jtinkleburt New Member. It's sold near 800€ here, for that price you can have a studio SG ( Gibson ) or a used Gibson SG standard. The new G-400 PRO adds more value with coil-tap switching, alnico 5 magnet-powered humbuckers, and improved hardware. DID I SAY HE'S BOUGHT.! Aside from the SG Standard, Gibson has a few comparable versions in their lineup: Epiphone offers fewer versions of their SG, but there are a couple of other options besides the G-400 PRO, most notably: As I’ve said throughout this article, in my opinion the decision comes down to how much you are willing to spend for an increase in quality. Epiphone Les Paul Standard Vs G-400 Pro At the budget/entry level end, we have Epiphone's Les Paul Standard and G-400 Pro. which he has always wanted. The SG Special returns to the classic design that made it relevant, played and loved -- shaping sound across generations and genres of music. However, I know some players must stick to a certain budget, and I totally understand that. While the G-400 certainly will never be on-par with the SG, it is a quality instrument that just might be a better choice for some players, and one of the best electric guitars under $500. You see, every component on a guitar contributes to the tone to some degree. Pickups -- different pickups yield different sounds. What it does mean is you have to ask yourself if the difference in quality is worth the difference in price. I bought in the '80s for $200, played if for 25 yrs, and sold it for $1,200. All in all they sound cheap and lack definition and sustain and if you played the Epi without these mods with the strings catching the frets you will soon realise that your guitar has no sustain at all because of these factors. It’s a hard-rock tone machine, but easily at home in blues, jazz or country as well. Gibson is hands down better than Epiphone. Of course, you want to consider how easy these hardware options are to maintain. The Epi has very nice sealed Grover rotomatics; the Gibson has the traditional Kluson-style tuners with the plastic tulip-shaped buttons. Once again, of course Gibson has the advantage here. Otherwise, unless somebody understands what to look for they probably won’t know or care if you are playing an Epiphone or a Gibson. The SG is a legend, and well worth the asking price. While, admittedly, things get a little murky when trying to figure which woods guitars companies decide to use on which guitars, I think it is safe to assume the woods used in the Gibson version are of higher quality than the G-400 version. I pick up a Gibson SG on the other hand, and immediately I’m like, “yeah” just by the general heft and solid feel as I take note of the impeccably manicured and bound fretboard. As with hardware, you can expect Gibson electronics to be higher quality on average across the board. I think all u less Paul owners are so sad that the sg g400 looks and sounds better than all 3000.00 dollar over priced and over rated golden nugget guitars go ahead and bring them to the pawn shop and get your 150.00 put another 200.00 with it and get all a good guitar Lol. The Epiphone SG is a perfect option for beginner guitarists. I think they go well with an all-mahogany guitar, which makes a lot of sense. The thinner Gibson neck is more prone to breaking when it slides off the front of the amp where you leaned it to go take a leak. No idea what the "resale value" of my Epi will be in 25 yrs. The pickup's are a major factor. You can find endless discussions about whether one approach is "superior" to the other. For the purpose of this article I’ll be comparing the Epiphone G-400 PRO and the Gibson SG Standard. And if you take the time to do a nice setup, you would be hard pressed to get more for your money. The Epiphone Limited-Edition 1966 G-400 PRO Electric Guitar is a Gibson-authorized version of their great '66 SG with a solid mahogany body and slim taper set mahogany neck. The Les Paul SG was born in 1961, but Les Paul himself was none too happy with this decision, and asked to have his name removed from the redesigned instrument. Epiphone is owned by Gibson, and makes some of the best budget alternatives to Gibson guitars. I have the Tony Iommi epiphone and I can say it is one of my favorite guitars that I play it has incredible sustain you can hit one note and it'll hold for a long time i have to say it is an incredible guitar for it's price and it comes with a picture of Tony Iommi and a few other things if you are a fan of the riff master Tony Iommi. It’s always been that way.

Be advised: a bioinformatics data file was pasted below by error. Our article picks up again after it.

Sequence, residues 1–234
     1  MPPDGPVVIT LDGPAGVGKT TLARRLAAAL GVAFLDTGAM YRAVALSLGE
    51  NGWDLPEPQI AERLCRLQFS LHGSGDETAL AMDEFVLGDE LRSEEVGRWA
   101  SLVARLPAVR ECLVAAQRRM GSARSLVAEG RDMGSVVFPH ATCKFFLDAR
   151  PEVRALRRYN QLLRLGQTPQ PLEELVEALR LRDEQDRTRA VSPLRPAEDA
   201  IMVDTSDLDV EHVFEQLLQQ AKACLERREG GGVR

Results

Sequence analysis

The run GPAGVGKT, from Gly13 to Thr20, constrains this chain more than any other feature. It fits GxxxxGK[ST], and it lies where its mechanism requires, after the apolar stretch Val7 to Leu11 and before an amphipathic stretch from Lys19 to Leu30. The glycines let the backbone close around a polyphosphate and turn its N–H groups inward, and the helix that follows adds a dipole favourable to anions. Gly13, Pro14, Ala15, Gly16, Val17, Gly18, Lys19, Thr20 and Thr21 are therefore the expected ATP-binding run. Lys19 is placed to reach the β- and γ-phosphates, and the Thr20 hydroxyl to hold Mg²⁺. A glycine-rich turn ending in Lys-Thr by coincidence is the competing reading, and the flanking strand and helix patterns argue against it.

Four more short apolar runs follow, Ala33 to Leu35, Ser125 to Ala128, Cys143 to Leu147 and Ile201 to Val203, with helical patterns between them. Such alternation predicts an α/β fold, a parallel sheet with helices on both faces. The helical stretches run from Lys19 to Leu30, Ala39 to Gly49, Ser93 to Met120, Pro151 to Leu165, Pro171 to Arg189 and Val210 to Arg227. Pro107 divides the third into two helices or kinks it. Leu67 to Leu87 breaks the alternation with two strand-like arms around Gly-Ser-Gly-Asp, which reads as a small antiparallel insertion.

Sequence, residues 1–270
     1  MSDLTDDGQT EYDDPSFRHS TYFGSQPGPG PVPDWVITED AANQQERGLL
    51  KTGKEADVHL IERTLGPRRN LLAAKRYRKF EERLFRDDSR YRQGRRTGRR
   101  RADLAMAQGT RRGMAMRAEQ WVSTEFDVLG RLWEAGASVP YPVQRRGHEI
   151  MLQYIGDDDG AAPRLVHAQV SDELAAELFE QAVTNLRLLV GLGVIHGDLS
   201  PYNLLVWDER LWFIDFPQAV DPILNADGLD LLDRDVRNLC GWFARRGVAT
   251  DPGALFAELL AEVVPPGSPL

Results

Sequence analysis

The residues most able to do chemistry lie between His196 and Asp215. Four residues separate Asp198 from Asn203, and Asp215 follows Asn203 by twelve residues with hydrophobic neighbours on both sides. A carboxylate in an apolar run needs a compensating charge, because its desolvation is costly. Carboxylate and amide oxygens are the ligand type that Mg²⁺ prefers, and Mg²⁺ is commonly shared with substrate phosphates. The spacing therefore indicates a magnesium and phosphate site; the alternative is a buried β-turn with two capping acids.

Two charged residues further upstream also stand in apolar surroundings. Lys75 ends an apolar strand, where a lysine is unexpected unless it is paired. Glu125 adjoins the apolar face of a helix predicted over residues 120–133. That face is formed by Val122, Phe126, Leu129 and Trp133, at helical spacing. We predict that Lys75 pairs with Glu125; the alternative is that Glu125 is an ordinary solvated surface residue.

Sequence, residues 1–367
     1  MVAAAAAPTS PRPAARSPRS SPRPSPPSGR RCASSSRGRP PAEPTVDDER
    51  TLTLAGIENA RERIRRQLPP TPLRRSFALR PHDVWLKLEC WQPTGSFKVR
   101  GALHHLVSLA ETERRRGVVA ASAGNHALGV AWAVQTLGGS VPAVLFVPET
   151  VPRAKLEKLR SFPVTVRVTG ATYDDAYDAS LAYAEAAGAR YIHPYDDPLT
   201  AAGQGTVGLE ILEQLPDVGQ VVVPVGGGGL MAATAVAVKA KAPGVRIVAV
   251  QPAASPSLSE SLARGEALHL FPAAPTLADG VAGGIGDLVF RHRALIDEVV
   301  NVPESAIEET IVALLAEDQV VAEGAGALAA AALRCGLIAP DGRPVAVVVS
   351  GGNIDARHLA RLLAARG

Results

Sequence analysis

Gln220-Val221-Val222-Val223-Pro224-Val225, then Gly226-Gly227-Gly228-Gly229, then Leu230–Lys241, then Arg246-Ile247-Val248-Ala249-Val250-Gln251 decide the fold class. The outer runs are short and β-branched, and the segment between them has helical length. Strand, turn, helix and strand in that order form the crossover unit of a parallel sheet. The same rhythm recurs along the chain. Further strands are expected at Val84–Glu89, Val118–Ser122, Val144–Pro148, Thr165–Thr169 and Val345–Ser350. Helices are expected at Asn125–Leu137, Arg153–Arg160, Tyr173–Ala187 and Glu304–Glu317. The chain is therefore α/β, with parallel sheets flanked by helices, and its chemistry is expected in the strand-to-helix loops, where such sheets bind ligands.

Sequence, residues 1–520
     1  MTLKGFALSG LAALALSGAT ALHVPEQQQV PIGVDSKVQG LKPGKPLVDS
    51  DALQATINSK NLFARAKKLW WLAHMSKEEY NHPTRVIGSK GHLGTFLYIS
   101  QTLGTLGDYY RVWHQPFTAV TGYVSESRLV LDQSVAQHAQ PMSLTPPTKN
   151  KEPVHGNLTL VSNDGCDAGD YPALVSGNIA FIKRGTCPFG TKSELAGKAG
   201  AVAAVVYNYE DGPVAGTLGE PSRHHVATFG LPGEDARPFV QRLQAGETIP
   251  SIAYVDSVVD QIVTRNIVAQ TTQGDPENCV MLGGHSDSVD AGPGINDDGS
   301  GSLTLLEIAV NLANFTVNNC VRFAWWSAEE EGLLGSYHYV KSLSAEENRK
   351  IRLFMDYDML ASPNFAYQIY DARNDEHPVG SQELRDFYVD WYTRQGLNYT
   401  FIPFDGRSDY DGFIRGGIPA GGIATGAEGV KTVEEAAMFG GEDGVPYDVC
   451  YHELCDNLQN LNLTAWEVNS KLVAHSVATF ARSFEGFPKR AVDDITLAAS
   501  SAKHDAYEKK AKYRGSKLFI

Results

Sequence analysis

This guitar has since been discontinued from epiphone. Honestly both guitars sound pretty much the same unplugged although the Epi is a bit "darker". You can mod it later on, but even left stock it is plenty good enough for bands, gigging and recording. Same for the Gibson. Only used a handful of times, in very good condition, just been restrung with 10 gague steel strings. But here you get push/pull functionality to split the coils with your volume knobs which is pretty useful. This content is accurate and true to the best of the author’s knowledge and is not meant to substitute for formal and individualized advice from a qualified professional. It’s light and well balanced. But this is why they play so great right out of the box. Now, the G-400 PRO gives you the sound and look of a real SG without the vintage price tag and with the added tonal variety that you've come to expect from Epiphone. Not too much sizzle, and fairly articulate. That might be another factor to consider. Both guitars feature mahogany bodies with set mahogany necks. However, Epiphone has made many improvements in recent years, and the gap isn’t as wide as it once was. hi everyone, Here are the significant differences: 1. The Gibson costs $739, the Epiphone $359. After, that a worker can simply give the fretboard a final polish, and it’s done! Gibson is one of the finest guitar companies in the world, and Epiphone specializes in affordable guitars for beginners and intermediate players. Not much different in the design or construction wise. I also think it’s important to avoid the notion that Epiphones are low-budget knock-offs. Guitar Gopher (author) on April 10, 2017: @Naetharu: This is hardly an "unfounded, speculative claim". So, the question isn't so much which guitar is better, but which is better for your needs and budget. This early 60's style SG Special has the vibe and sound heard on countless classic rock recordings. The Gibson SG Standard features a Gibson 490R/490T pickup set. You feel like a rock star playing the Gibson; not so much with the Epi. I think that’s an important point, because it’s all too easy to get hung up on the name on the headstock and not truly consider your needs and budget. That is truly what this decision comes down to. You might not know this, but the Gibson SG design first came about as a replacement for the Gibson Les Paul. It’s pretty rough. OK another couple of differences I have noticed: 1. Discussion in 'Epiphone SG' started by jtinkleburt, Jan 9, 2005. (my wife & I bought him). Another is the shape of the headstock. 4. Gibson uses rosewood for the fingerboard, while Epiphone has switched to pau ferro. Gibson Vs Epiphone If you’re a metalhead, you definitely won’t want to use these guitars. The SG model was originally intended to replace the Les Paul, which temporarily went out of production from 1961-1968. If you favor durability over tone, you need to look to Epiphone for their hard poly coats.eval(ez_write_tag([[300,250],'guitaraffinity_com-box-4','ezslot_1',106,'0','0'])); General attention to detail is always better from Gibson as well. They have a push-pull coil tap feature, which adds a little versatility. Joined: Jan 9, 2005 Messages: 15 Likes Received: 0 Location: merritt island,fl. The value that you get for your money is tough to beat. This Epi, however, is notable for more than a simple cosmetic consideration. If an Epiphone SG has really good pickup's then it will sound great. Epiphone is owned by Gibson, and makes some of the best budget alternatives to Gibson guitars. While the specs read like they are essentially the same basic guitar when it comes to tonewoods, this isn’t something you should take for granted. A true icon guitar, the SG was originally a successor Les Paul model from '61 to '68. It’s not the hardest finish however. Both the Airwave and the Bayonet have a unique sound that’s meant to pay homage to the glory days of classic rock. If you want to get that crunchy sound and are willing to pay a little extra for it, check out some of the instruments from Reverend. —BUY AN SG RIGHT HERE— ! But if you are willing to futz around a bit with setting your guitar up the way you like it (I couldn’t imagine not doing that), you can make the Epiphone play real sweet. Cachet -- Isn't this the real difference? No noticeable noise difference. This might make the comparison seem a little unfair from the beginning. Remember: A great guitar player can make a good guitar sound great! First, the guitar has a jig put on the headstock and bridge area, and is then inserted into the machine. either way im going to put angus young signiture humbucker and a 57 humbucker into them. There are different versions of each guitar, which we will get into below, but this ought to serve as a decent base for comparison. Try out some of these guitars that are similar to the G400 and the SG. You can just hop on Amazon or whatever, slap down your credit card and still get a good night’s sleep without worrying about how the thing is going to play. The Epi's pickups really lack any decent sustain on them and the way they are wired up leaves a lot to be desired . I’m gonna get technical shortly so just bear with me! After all these mods I love my Epi G400 Pro and it is now simply the best guitar I own. Across the board, when it comes to appointments and hardware you’re going to see higher-quality components and craftsmanship on the Gibson. Get better pickups there are loads available some at reasonable prices. Proudly Xhosa Quotes, Aristotle Theoria/praxis, Poiesis, Amaryllis Name Meaning, Luxury Student Accommodation Brighton, Triton Artificial Gill Amazon, Microsoft Azure Management Linux, All About Me Presentation Ideas, " /> jtinkleburt New Member. It's sold near 800€ here, for that price you can have a studio SG ( Gibson ) or a used Gibson SG standard. The new G-400 PRO adds more value with coil-tap switching, alnico 5 magnet-powered humbuckers, and improved hardware. DID I SAY HE'S BOUGHT.! Aside from the SG Standard, Gibson has a few comparable versions in their lineup: Epiphone offers fewer versions of their SG, but there are a couple of other options besides the G-400 PRO, most notably: As I’ve said throughout this article, in my opinion the decision comes down to how much you are willing to spend for an increase in quality. Epiphone Les Paul Standard Vs G-400 Pro At the budget/entry level end, we have Epiphone's Les Paul Standard and G-400 Pro. which he has always wanted. The SG Special returns to the classic design that made it relevant, played and loved -- shaping sound across generations and genres of music. However, I know some players must stick to a certain budget, and I totally understand that. While the G-400 certainly will never be on-par with the SG, it is a quality instrument that just might be a better choice for some players, and one of the best electric guitars under $500. You see, every component on a guitar contributes to the tone to some degree. Pickups -- different pickups yield different sounds. What it does mean is you have to ask yourself if the difference in quality is worth the difference in price. I bought in the '80s for $200, played if for 25 yrs, and sold it for $1,200. All in all they sound cheap and lack definition and sustain and if you played the Epi without these mods with the strings catching the frets you will soon realise that your guitar has no sustain at all because of these factors. It’s a hard-rock tone machine, but easily at home in blues, jazz or country as well. Gibson is hands down better than Epiphone. Of course, you want to consider how easy these hardware options are to maintain. The Epi has very nice sealed Grover rotomatics; the Gibson has the traditional Kluson-style tuners with the plastic tulip-shaped buttons. Once again, of course Gibson has the advantage here. Otherwise, unless somebody understands what to look for they probably won’t know or care if you are playing an Epiphone or a Gibson. The SG is a legend, and well worth the asking price. While, admittedly, things get a little murky when trying to figure which woods guitars companies decide to use on which guitars, I think it is safe to assume the woods used in the Gibson version are of higher quality than the G-400 version. I pick up a Gibson SG on the other hand, and immediately I’m like, “yeah” just by the general heft and solid feel as I take note of the impeccably manicured and bound fretboard. As with hardware, you can expect Gibson electronics to be higher quality on average across the board. I think all u less Paul owners are so sad that the sg g400 looks and sounds better than all 3000.00 dollar over priced and over rated golden nugget guitars go ahead and bring them to the pawn shop and get your 150.00 put another 200.00 with it and get all a good guitar Lol. The Epiphone SG is a perfect option for beginner guitarists. I think they go well with an all-mahogany guitar, which makes a lot of sense. The thinner Gibson neck is more prone to breaking when it slides off the front of the amp where you leaned it to go take a leak. No idea what the "resale value" of my Epi will be in 25 yrs. The pickup's are a major factor. You can find endless discussions about whether one approach is "superior" to the other. For the purpose of this article I’ll be comparing the Epiphone G-400 PRO and the Gibson SG Standard. And if you take the time to do a nice setup, you would be hard pressed to get more for your money. The Epiphone Limited-Edition 1966 G-400 PRO Electric Guitar is a Gibson-authorized version of their great '66 SG with a solid mahogany body and slim taper set mahogany neck. The Les Paul SG was born in 1961, but Les Paul himself was none too happy with this decision, and asked to have his name removed from the redesigned instrument. Epiphone is owned by Gibson, and makes some of the best budget alternatives to Gibson guitars. I have the Tony Iommi epiphone and I can say it is one of my favorite guitars that I play it has incredible sustain you can hit one note and it'll hold for a long time i have to say it is an incredible guitar for it's price and it comes with a picture of Tony Iommi and a few other things if you are a fan of the riff master Tony Iommi. It’s always been that way.